Chinese netizens curious of Japanese AI blind date program

By Chen Xi Source: Global Times Published: 2020/12/8 18:38:40

A couple is seen at the Cotton Tree Drive Marriage Registry in Hong Kong, Mar. 29, 2020. (Photo: China News Service/ Zhang Wei)

The artificial intelligence (AI) can be a great means to meet potential lovers, but finding Mr or Ms Right still needs face-to-face and heart-to-heart communication, Chinese experts told the Global Times after Chinese netizens began asking if China could follow the Japanese government's use of AI technology to find marriage partners for its citizens.

According to a report by the Yomiuri Shimbun on Monday, the Japanese government is promoting a matchmaking project that uses AI to pair people up. The project seeks to recommend partners based on the potential fit between men and women, rather than conditions such as age and income.

The news began trending on China's Twitter-like Sina Weibo on Tuesday and quickly stirred up a heated discussion on social media.

"It is surprising that a plot in a romance novel I read has come true in real life, but I still believe in my own personal feelings rather than some emotionless machine," one Chinese netizen posted on Sina Weibo. 

Some Chinese netizens wondered if China could use similar technology to solve the problem of China's low marriage rate.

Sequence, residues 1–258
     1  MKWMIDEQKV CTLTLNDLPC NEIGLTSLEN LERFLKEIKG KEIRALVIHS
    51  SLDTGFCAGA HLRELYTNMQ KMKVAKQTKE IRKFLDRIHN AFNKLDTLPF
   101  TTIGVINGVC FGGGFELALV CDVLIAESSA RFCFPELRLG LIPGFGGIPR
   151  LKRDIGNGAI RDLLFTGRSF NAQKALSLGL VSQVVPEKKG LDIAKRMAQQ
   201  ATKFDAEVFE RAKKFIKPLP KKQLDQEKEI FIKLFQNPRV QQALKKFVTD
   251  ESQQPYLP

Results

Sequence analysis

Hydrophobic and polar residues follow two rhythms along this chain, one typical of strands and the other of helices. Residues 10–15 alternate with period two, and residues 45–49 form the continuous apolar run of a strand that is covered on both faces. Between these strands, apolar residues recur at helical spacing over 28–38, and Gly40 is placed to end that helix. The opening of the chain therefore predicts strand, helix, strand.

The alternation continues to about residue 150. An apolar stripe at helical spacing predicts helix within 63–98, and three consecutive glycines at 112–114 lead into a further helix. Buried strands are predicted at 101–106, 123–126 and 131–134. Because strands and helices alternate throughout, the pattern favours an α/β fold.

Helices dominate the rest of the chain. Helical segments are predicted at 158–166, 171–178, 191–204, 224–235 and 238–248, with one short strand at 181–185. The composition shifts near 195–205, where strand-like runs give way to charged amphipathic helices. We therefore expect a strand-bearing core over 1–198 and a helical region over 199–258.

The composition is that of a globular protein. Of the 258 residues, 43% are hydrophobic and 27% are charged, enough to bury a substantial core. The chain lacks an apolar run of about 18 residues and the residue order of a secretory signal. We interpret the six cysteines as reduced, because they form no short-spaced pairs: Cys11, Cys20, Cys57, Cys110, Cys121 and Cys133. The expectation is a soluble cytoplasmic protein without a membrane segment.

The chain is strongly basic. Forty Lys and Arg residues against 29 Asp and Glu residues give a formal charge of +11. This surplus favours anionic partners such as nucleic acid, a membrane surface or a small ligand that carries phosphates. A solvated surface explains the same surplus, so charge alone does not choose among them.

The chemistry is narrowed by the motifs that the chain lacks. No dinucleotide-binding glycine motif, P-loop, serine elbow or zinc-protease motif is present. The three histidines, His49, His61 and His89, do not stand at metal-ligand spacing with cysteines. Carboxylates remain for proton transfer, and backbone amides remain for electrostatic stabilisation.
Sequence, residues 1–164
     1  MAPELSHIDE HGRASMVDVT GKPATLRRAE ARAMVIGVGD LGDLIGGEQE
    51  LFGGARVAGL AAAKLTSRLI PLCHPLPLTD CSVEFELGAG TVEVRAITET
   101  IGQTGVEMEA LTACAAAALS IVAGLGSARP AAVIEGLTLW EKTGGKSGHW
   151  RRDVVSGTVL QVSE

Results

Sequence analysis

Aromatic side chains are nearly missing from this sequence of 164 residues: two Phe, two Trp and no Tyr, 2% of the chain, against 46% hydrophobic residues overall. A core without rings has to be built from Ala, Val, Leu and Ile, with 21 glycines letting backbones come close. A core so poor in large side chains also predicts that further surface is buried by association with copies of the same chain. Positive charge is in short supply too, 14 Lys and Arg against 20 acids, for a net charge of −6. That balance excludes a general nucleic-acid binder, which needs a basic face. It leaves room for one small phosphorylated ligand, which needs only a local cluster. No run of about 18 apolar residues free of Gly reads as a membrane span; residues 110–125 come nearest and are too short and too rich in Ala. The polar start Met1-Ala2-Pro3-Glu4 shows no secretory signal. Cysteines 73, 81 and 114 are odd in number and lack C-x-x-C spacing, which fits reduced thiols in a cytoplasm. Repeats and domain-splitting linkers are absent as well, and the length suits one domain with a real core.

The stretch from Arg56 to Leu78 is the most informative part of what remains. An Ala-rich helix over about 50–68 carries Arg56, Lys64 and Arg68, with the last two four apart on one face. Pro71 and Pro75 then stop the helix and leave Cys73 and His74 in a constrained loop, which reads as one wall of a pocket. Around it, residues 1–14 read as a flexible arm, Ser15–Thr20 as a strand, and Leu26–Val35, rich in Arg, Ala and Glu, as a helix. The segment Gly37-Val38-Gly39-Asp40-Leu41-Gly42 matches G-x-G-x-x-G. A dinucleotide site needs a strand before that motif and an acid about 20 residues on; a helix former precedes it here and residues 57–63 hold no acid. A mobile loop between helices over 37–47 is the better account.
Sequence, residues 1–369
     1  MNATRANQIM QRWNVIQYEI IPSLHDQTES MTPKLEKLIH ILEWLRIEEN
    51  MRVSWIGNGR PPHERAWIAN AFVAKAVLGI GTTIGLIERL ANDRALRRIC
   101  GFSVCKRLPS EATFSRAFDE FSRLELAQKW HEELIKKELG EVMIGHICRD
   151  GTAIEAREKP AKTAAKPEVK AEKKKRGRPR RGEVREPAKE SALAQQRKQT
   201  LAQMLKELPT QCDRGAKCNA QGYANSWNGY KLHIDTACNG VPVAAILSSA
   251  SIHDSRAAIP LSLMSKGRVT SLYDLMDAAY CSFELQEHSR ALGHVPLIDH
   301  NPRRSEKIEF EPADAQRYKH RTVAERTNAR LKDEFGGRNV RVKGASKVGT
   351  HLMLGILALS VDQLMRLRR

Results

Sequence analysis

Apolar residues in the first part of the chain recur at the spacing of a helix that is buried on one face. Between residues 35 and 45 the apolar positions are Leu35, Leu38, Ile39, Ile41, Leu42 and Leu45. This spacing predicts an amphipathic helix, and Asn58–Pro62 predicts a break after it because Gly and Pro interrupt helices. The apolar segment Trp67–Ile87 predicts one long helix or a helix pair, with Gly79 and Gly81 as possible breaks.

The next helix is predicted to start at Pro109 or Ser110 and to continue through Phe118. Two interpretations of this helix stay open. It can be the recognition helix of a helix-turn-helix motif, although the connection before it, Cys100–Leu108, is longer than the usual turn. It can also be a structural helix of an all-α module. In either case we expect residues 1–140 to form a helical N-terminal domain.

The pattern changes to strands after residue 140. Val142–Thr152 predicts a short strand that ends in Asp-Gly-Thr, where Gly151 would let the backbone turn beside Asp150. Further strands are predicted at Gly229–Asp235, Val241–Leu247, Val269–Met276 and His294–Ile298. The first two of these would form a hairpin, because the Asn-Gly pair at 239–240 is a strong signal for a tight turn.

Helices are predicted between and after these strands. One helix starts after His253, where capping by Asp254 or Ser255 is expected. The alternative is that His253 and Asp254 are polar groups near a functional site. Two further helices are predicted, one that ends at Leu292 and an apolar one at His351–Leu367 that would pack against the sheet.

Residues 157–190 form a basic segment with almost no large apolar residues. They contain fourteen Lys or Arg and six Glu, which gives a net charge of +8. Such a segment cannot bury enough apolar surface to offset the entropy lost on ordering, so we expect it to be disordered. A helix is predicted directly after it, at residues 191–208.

"Both China and Japan are facing the same problem of low marriage and birth rate. Maybe China can also try to use AI for love matches," another Chinese netizen wrote on Sina Weibo. 

Media reported that the marriage rate in China has continued to decline since 2014, dropping from 13.06 million marriages that year to only 9.273 million in 2019. 

Yuan Xin, a professor at the Institute for Population and Development in Nankai University, told the Global Times that with the development of social science and technology, technology has been integrated into people's daily lives in an effort to serve them. 

"AI enriches avenues for blind dates, but whether two people are suitable still depends on fate," said Yuan. 

Peng Xiaohui, a professor of sexology at Central China Normal University, echoed Yuan's opinion by saying that AI can only improve efficiency and save on labor costs associated with setting up blind dates, but it cannot fully control how people will feel about someone else. 

Both experts noted that the low marriage rate in China is a result of people's changing lifestyles, the high cost of getting married such as buying or renting a house and raising children and a loss in confidence about marriage due to an increasing divorce rate. 

According to data released by China's Ministry of Civil Affairs in September, 4.7 million couples filed for divorce in 2019. Additionally, the divorce rate hit a record high in 2019, increasing to 3.4 per thousand. 

According to Yuan, many young people, especially those who have completed higher education and have high salaries, prefer to live alone without any financial burdens or emotional crises, which is another possible factor that has led to a low marriage rate. 


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